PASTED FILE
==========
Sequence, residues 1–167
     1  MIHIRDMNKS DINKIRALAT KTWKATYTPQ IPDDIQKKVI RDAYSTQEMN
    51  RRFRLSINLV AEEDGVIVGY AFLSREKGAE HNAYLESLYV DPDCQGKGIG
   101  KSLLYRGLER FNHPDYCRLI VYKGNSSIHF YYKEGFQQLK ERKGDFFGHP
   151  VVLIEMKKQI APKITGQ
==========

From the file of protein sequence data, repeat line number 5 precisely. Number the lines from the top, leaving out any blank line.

   151  VVLIEMKKQI APKITGQ